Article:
Posted by hallgreenland
It is now ten years since the legendary last tenant departed The Block, the famous heart of Aboriginal Redfern. Her house at 78 Eveleigh Street stood alone buttressed by the half-demolished shells of adjacent terraces. All Aunty Joyce Ingram’s neighbours had gone, their houses levelled to the ground. Her role as the unacknowledged Mayor of Eveleigh Street was now redundant. It was her turn to go.
The manner of her going was testament to the trouble she caused the authorities, black and white, during her 30 years living on Louis and Eveleigh Streets. The wiry, old black lady in big headlight spectacles did not lack for helpers to load her meagre belongings into the removalist van standing outside her missing front gate. But as they loaded, a bulldozer sat revving up outside her backdoor. No sooner had she closed her front door for the final time – “even before the van had left the kerb,” said one witness – than the ’dozer began to plough her house into rubble and dust.
One can imagine Mick Mundine, the chief executive of the Aboriginal Housing Company, the owner of The Block, looking down on the scene from his office overlooking Eveleigh Street with some quiet satisfaction. Only seven years previously Aunty Joyce had tried to organise a coup inside the AHC to stop the clearances on The Block.
Flagging: Renewed unity and action is needed to bring back affordable housing to The Block in Redfern. [Photo Jack Carnegie]
“Aunty Joyce Ingram was the final holdout,” says Ray Jackson, secretary of the Indigenous Social Justice Association. “She lived with her grandchildren in the last house standing. But in the end, with the toilet blocked and no repairs being done, she agreed to move.”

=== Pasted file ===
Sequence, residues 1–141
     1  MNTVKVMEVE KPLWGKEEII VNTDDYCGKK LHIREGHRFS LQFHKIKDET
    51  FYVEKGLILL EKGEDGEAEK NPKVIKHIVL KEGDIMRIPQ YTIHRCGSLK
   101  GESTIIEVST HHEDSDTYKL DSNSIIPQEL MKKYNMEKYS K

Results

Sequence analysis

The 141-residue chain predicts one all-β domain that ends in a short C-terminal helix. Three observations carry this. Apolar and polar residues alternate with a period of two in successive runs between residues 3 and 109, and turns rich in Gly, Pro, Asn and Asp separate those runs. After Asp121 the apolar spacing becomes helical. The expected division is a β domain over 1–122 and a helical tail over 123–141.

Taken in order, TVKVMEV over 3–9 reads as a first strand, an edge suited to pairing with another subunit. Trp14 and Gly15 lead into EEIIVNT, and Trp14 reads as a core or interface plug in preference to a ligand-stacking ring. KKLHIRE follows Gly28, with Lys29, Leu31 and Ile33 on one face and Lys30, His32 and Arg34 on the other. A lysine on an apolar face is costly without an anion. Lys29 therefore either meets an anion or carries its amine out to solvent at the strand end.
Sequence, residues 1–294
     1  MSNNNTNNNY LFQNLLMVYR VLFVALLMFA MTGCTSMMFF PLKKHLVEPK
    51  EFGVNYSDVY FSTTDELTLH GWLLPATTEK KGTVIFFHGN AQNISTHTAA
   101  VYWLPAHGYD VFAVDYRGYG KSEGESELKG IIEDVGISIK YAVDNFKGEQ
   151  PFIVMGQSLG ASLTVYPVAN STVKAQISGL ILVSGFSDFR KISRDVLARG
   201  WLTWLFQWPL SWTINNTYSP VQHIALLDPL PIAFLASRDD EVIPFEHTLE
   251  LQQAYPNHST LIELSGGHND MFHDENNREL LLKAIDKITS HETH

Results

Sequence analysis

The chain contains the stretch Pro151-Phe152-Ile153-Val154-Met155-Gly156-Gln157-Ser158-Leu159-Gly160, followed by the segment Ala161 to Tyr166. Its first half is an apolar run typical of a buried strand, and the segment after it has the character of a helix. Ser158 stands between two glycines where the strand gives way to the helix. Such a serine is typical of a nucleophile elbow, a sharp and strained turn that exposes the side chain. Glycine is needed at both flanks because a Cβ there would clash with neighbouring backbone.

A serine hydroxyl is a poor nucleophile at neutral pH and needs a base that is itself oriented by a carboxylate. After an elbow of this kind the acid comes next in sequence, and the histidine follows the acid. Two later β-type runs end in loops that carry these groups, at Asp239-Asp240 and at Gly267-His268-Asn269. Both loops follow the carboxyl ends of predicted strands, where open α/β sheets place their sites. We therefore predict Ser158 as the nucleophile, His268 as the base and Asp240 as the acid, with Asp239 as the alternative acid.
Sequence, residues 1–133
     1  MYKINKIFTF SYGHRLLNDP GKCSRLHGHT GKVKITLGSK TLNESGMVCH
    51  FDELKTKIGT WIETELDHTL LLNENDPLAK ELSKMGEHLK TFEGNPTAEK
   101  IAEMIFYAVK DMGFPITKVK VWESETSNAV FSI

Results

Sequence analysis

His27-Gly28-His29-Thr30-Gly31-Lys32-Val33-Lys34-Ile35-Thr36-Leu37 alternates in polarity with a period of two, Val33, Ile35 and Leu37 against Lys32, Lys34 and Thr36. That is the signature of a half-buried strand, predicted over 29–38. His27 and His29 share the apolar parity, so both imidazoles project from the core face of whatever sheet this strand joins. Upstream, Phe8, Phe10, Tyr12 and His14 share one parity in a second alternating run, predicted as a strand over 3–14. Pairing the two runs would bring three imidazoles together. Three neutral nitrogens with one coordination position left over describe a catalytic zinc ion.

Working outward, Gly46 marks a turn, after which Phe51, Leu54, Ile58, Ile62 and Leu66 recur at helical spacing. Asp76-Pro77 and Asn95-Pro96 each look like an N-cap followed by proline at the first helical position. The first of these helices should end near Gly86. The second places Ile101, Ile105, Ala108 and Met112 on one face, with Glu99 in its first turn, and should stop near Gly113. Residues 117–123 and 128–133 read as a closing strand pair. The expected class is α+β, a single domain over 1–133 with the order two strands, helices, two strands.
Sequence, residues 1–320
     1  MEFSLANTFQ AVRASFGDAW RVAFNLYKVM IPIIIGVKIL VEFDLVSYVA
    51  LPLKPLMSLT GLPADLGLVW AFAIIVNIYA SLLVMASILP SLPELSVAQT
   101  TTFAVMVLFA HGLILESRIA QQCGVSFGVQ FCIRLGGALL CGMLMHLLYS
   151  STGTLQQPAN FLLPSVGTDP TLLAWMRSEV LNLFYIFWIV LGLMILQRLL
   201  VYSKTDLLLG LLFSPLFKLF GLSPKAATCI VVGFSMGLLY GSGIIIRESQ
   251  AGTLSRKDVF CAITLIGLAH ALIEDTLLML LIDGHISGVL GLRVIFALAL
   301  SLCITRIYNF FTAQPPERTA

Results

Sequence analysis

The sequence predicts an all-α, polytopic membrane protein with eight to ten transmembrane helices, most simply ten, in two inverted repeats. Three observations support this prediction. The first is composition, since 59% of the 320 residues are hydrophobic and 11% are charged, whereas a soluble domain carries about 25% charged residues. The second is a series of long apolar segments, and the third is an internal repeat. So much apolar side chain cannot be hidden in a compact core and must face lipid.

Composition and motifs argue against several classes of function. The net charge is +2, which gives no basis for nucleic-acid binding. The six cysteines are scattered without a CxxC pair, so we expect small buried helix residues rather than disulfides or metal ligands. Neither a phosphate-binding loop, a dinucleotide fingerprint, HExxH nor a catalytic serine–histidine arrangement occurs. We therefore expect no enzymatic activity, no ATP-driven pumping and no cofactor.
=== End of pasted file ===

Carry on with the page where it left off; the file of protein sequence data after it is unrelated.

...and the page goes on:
Now The Block is the most valuable vacant lot in Sydney. Ten thousand square metres of prime real estate located right in the heart of gentrifying Redfern and less than two kilometres from the CBD. It was once home to as many as 100 Aboriginal households, the Mecca for Aborigines from all over NSW. It was the place, in Elizabeth Farrelly’s memorable phrase, “where the songlines met”.
Everyone still calls it The Block despite the fact that all the dilapidated terrace houses that once stood there have now been razed to the ground – and their Aboriginal tenants resettled elsewhere. Only two buildings still stand on The Block – Tony Mundine’s gym and the offices of the Aboriginal Housing Company, run by Mick Mundine, Tony’s brother.
The land belongs to the Aboriginal Housing Company, an Aboriginal-owned company which also possesses 41 houses elsewhere. For the past 30 years the company has devised grand plans – five at least at last count – to rebuild The Block as a modern affordable housing precinct for Aborigines. It was this dream that justified the clearances between 1996 and 2011.
The dream is now known as the Pemulwuy Project, an ambitious $70 million commercial and residential development badged with name of the Aboriginal warrior who led the futile resistance to the first white settlers in Sydney.
The project is dividing the local indigenous community. It is now ten years since then NSW planning minister Frank Sartor announced his intention to clear The Block of its affordable housing. Then the Aboriginal community united behind the AHC to stymie Sartor. However, the latest version of the AHC’s plan has shattered that unity with opponents claiming if it goes ahead it will have the same result as Sartor’s plans.